Barnes & Noble Gives Its Nook the Hook

Barnes & Noble finally bit the bullet. The company on Wednesday announced its board of directors had approved a proposal to spin off its Nook e-reader business into a publicly traded company.

Both its print and e-book divisions have been struggling financially for several quarters; it has become conventional wisdom that one way B&N could right its ship might be to spin off its Nook product line or sell it to a private company.

The spinoff will take effect by the end of Barnes & Noble’s first fiscal quarter of 2015.

Separately, More Valuable

For Barnes & Noble, the decision must have come down to the hard reasoning that its assets — its retail, textbook and Nook divisions — were worth more separately than united in one entity, Barry Randall, a technology portfolio manager on Covestor, told the E-Commerce Times.

“In theory, it will make it easier to analyze each segment, and it will also make it easier for a suitor to purchase one of the segments without having to disentangle the latter from the other businesses,” he said.

However, as the Nook goes to market, the segment’s middling valuation soon will become clear if it hasn’t already, Randall continued.

The Nook product line, currently in its third generation, is by the tech industry’s lights a success, he said. There is also the business case to be made: Barnes & Noble’s Nook segment, which comprises both the e-reader hardware and downloadable content, makes up about 10 percent of the company’s total revenue.

“But in Barnes & Noble’s most recent quarterly results, Nook segment losses remained substantial, despite recent cost-cutting efforts,” Randall said. “Moreover, revenue for both the Nook hardware and content declined 20-30 percent year-over-year.”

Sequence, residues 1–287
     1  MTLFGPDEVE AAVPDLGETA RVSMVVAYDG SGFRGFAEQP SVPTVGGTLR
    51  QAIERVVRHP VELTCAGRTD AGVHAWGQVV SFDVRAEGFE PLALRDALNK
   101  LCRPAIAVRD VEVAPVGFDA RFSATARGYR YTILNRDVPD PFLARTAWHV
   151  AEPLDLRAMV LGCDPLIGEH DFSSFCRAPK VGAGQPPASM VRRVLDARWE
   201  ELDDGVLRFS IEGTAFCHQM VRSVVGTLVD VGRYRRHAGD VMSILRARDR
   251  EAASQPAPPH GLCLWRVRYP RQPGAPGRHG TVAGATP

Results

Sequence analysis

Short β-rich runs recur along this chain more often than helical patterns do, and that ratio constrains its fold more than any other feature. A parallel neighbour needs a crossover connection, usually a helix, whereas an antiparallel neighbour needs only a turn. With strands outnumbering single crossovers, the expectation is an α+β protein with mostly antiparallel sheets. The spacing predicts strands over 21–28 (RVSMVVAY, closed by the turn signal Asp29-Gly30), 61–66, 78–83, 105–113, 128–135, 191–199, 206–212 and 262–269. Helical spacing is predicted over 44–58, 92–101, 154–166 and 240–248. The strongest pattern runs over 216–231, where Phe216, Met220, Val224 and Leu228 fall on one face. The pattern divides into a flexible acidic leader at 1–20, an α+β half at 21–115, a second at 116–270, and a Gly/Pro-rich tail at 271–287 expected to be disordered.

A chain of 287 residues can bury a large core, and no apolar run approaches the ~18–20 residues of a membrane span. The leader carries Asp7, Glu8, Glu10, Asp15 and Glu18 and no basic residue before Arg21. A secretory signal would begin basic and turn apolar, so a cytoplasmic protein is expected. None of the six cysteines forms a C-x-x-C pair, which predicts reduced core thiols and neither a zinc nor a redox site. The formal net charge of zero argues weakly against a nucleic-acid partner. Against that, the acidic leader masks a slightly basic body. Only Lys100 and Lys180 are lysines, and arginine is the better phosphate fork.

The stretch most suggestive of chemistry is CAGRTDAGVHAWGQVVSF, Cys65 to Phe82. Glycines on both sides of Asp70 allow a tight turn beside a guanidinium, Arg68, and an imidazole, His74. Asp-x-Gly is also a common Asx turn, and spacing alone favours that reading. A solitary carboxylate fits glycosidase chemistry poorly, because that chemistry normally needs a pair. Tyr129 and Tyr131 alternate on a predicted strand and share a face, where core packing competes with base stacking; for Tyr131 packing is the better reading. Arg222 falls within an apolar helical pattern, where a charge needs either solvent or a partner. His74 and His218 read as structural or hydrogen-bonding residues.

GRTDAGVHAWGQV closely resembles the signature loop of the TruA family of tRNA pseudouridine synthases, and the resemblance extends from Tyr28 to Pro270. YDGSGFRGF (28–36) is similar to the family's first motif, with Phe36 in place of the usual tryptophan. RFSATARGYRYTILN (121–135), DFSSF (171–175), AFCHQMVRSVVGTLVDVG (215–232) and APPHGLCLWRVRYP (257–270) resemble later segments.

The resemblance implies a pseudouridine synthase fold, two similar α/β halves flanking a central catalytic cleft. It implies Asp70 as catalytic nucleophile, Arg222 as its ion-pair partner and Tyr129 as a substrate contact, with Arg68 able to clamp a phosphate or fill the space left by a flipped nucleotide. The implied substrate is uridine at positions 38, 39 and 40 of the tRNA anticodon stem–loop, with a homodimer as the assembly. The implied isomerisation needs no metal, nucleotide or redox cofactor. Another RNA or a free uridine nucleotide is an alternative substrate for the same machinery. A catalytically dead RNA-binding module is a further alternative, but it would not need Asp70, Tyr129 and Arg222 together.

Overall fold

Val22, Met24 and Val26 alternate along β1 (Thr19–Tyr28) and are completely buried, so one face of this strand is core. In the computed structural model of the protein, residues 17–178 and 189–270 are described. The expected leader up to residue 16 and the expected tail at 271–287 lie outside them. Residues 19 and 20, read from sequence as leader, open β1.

Even its strong tech creds take the device only so far. The product is well regarded, but it doesn’t have a compelling competitive advantage, Randall pointed out. “What’s more, early specs of the forthcoming Samsung Galaxy Tab 4 Nook indicate that the Nook’s prized readability may be compromised by a rather pedestrian Samsung screen resolution.”

This could be B&N’s best opportunity to sell high and exit the market in a graceful fashion, said Steven D. Charlier, an assistant professor in the School of Business at Quinnipiac University.

“B&N is in a losing battle with Amazon and Apple in the e-reader/tablet space, and while the recent financial data for the division shows some improvement, the long-term outlook is not good,” he told the E-Commerce Times.

A Bigger Story

Another likely motivating factor for B&N is that a spinoff could relieve shareholders that have been watching the company flounder, said David Johnson, CEO of Strategic Vision.

“Barnes & Noble’s announcement that it is spinning off the Nook division is a smart public relations move to reassure investors that the company is putting together a strategy to get out of the red and be competitive again,” he told the E-Commerce Times.

“Nook was a losing venture for Barnes & Noble, and as the losses mounted investors became more concerned about Barnes & Noble as a whole,” Johnson observed. “The move reassures investors and gives Barnes & Noble some good news in the financial community.”

In truth, the Nook as a brand is not salvageable — at least not when it is positioned as a Kindle competitor, he said. “When we look back, we will probably consider the Nook the Edsel of the e-book readers.”

Erika Morphy has been writing about technology, finance and business issues for more than 20 years. She lives in Silver Spring, Md.